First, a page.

CNN's Dylan Byers addressed a different but related elephant in the spin room, the accusation levied against Trump's campaign manager Corey Lewandowski that he forcibly yanked Breitbart News reporter Michelle Fields after Trump's post-primary press conference Tuesday night.
Even though an audio recording backs up Fields' (and the Washington Post's Ben Terris') description of the incident, and Fields has shared a photo of her bruised forearm on Twitter, Trump said point blank that he believes she "made the story up." The Trump campaign is sticking to this story, with Lewandowski taking his case to Twitter in a series of tweets where he repeatedly referred to Fields as an "attention seeker."
It should be noted that Lewandowski reportedly admitted to Breitbart reporter Matt Boyle that he did indeed grab Fields, which he tried to explain away by saying he mistook Boyle's colleague for "an adversarial member of the mainstream media" rather than an employee for the single most pro-Trump news site in the country. Perhaps this is why Lewandowski is letting others, like Trump himself, flat-out deny the incident took place, while Lewandowski can stick to smearing Fields as an "attention seeker."
When Tapper failed to follow-up on his initial question about violence at Trump rallies with a query about the Lewandowski/Fields incident, he let Trump tap-dance his way out of any responsibility for inciting violence and for creating a campaign culture where his most senior staffer would find it appropriate to trigger a physical altercation with a female reporter if she worked for an "adversarial" media outlet.
Trump's opponents, who have railed against his "incivility" and "bullying" for months, completely let him off the hook at last night's debate when presented with the opportunity to explain how the Trump movement goes far beyond just nasty rhetoric, but is instead now manifesting itself violently, often with pointed racial connotations.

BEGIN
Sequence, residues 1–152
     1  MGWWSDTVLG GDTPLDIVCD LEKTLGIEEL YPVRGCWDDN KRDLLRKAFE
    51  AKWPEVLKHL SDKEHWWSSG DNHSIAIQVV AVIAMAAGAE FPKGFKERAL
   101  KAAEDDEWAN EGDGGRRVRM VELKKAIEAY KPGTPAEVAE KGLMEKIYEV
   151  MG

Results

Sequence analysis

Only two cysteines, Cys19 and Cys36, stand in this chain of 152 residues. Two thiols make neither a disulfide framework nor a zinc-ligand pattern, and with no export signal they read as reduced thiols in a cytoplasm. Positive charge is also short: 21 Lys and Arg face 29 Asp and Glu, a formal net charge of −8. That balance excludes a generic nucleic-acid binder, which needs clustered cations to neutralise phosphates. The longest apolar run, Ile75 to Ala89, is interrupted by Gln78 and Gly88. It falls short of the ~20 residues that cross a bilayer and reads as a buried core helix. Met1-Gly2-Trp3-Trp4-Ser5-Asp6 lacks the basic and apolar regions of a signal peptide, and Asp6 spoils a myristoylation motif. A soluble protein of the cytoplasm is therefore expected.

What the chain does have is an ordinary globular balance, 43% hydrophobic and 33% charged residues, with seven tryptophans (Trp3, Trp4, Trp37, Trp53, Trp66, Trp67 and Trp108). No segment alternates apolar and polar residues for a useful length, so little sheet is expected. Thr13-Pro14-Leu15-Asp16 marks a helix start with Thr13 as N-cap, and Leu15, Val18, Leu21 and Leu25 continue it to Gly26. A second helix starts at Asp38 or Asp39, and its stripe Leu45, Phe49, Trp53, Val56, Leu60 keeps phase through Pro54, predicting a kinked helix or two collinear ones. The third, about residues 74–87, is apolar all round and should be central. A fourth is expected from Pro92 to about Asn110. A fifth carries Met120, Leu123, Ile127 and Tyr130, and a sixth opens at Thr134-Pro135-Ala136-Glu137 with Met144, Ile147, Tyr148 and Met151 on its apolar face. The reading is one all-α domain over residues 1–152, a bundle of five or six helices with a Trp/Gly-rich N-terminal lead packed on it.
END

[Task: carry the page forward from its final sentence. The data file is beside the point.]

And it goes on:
At a press conference this morning, Trump referred to a past event where he said he'd like to punch a protester. He described an incident taking place in the stands, that has not been reported anywhere, of a single protester who he says "was swinging. He was hitting people. And the audience hit back. And that's what we need. A little bit more of."
If last night is any indication of how Trump's rivals and the media plan on holding Trump accountable for how his words influence the actions of his supporters, it's a fair bet to say that "a little bit more" violence is what we'll see.
One wonders if John McGraw will reach out to Trump for help with his legal bills. After all, the senior citizen who assaulted another man for "not acting like an American" is facing some serious charges, and Trump did promise to defend his punchy supporters in court.
(UPDATE: Moments after I published this post, Breitbart's Joel B. Pollak released a report stating that the organization believes the incident did take place but that Terris likely misidentified the man who grabbed Fields. Pollak writes that the likely culprit was a man standing next to Lewandowski who bears a physical resemblence to him. Also moments ago, Independent Journal reported that Fields filed charges against Lewandowski.)